There have been many strange hangover cures.
In the first century AD, physician Pliny the Elder suggested eating two raw owl eggs in wine. During the Middle Ages, it was uncooked eel, with the theory that the fish would reconstitute in your stomach and sook up the bad stuff.
There’s pickle brine in Poland, lemon or lime juice on your armpits in Puerto Rico and Bolivian bull penis soup. In more recent years, it’s milk thistle, Alka Seltzer, fry-ups, munchie boxes and Irn-Bru.
When I’ve been out on the razzle, the next day usually involves binge watching Queer Eye, honey-roasted cashews and a spot on the sofa.
In fact, I had to be shoe-horned off this perch (much like Pliny the Elder’s owls), in order to experience the new Cold Town House.
From the team behind Edinburgh-based beer makers Cold Town Brewery, it’s taken over the flower festooned Robertson Memorial Church in the Grassmarket. On the first floor, you’ll find a pizza and prosecco bar, while the top deck features an open air terrace and Edinburgh Castle – so close you could almost flick a peanut and hit it.
It’s clattery, chaotic, young and touristy. After a grumpy waitress plonked us at our communal table on the ground floor, the ordering system proved a bit much for my hungover alterego.
Instructions: take your table number, write down what you want on the pad (not provided in our case), then take it up to the bar (already three deep, groan). We typed our requests out on my mobile, then headed up, collecting some hair of the dog while we were there.
The half pint of their own Cold Town Lager (£2.40), brewed on site, was crisp and decent. However, I had a lapse of judgement and chose the marbeerita (£9.95) – probably the least sophisticated cocktail in the world. Think a bright yellow frozen margarita in a glass boot.
On the top, was a plastic scaffolding like contraption, which secured an upside down bottle of fruity IPA. Whenever I had a sip, I clunked myself on the head. I didn’t finish it, so the alcohol aversion therapy worked.
The first thing to arrive was the “trio of puddins” (£8) from the Beer Bites section – chosen since my other half is a white pudding aficionado. He rated these rich and crunchy-coated breadcrumbed pellets, though their black pudding versions were a little fruity rather than iron-y, and the haggis slightly bland.
Our side of smoked potatoes (£4) were covered in pink stripes of a hot “harissa yoghurt” and had charred flavour on their skins, but were rather slimy textured inside. We were also a bit sad about the skin-on fries (£4.50), since there was no evidence of the billed truffle butter and only about five tiny Parmesan scratchings.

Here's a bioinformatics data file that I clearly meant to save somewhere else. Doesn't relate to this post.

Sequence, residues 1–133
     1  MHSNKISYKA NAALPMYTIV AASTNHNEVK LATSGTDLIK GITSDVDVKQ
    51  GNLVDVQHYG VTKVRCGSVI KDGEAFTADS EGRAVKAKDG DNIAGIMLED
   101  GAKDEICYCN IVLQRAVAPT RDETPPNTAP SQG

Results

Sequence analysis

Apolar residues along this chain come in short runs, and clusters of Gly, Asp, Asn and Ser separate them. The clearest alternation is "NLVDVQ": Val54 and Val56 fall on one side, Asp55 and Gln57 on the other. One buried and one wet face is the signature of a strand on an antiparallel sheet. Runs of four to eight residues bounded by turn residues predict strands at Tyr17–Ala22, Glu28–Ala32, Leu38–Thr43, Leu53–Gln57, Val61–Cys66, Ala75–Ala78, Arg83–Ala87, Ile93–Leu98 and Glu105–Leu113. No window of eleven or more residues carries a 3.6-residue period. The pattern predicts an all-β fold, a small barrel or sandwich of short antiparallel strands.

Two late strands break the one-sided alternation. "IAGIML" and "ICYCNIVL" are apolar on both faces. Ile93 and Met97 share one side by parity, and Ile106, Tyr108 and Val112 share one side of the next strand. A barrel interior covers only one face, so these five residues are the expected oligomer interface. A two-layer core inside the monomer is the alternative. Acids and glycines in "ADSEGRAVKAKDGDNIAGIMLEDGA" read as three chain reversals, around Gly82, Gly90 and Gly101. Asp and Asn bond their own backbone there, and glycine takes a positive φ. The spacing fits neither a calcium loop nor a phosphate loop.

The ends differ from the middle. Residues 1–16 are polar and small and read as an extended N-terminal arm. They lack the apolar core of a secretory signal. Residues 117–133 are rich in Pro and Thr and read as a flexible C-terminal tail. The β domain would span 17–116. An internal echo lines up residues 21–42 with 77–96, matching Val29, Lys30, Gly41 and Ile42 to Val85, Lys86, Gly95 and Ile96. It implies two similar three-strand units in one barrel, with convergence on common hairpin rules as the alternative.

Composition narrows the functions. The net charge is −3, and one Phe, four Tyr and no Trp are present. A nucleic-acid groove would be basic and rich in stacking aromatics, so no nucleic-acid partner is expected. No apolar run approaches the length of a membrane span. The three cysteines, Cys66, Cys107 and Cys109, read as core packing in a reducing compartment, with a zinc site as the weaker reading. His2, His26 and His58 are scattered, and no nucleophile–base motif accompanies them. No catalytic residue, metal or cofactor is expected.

My main, from the Knife and Fork food section, was the porchetta on toast (£12.50), served with a salty and wet watercress salad. It wasn’t bad, with a thick slice of toasted sourdough topped with a red walnut romesco, then layers of rather grey and fatty sliced pork, garlic mushrooms and a spongy layer of melted gorgonzola. Pleasantly stodgy.
Their pizza toppings are all named after Edinburgh neighbourhoods. I do wonder why Newhaven is seen as a prosciutto ingredient sort of place, or the Grassmarket a red pepper postcode.
Anyway, my other half went for the Leith version (£10), with sugo, mozzarella, spicy salami (providing that Begbie-esque edge, I suppose), oregano and fresh Parmesan. It would have been a goodie if it’d been in the oven longer, but the cheese was only half melted and the lake of watery sugo was chilly.
Since I couldn’t face elbowing my way to the till again, we bailed on puddings, which include butter beer sundae (£6) and headed to Mary’s Milk Bar (19 Grassmarket). Here, we selected the following (£3.50 for two scoops).
He-who-usually-only-likes-vanilla went for the soda bread and butter, and tea and biscuits, while I chose the lush prunes and amaretto, and citrusy and sultana-studded hot cross bun spice. Genius creations.
If only Pliny the Elder had been born later.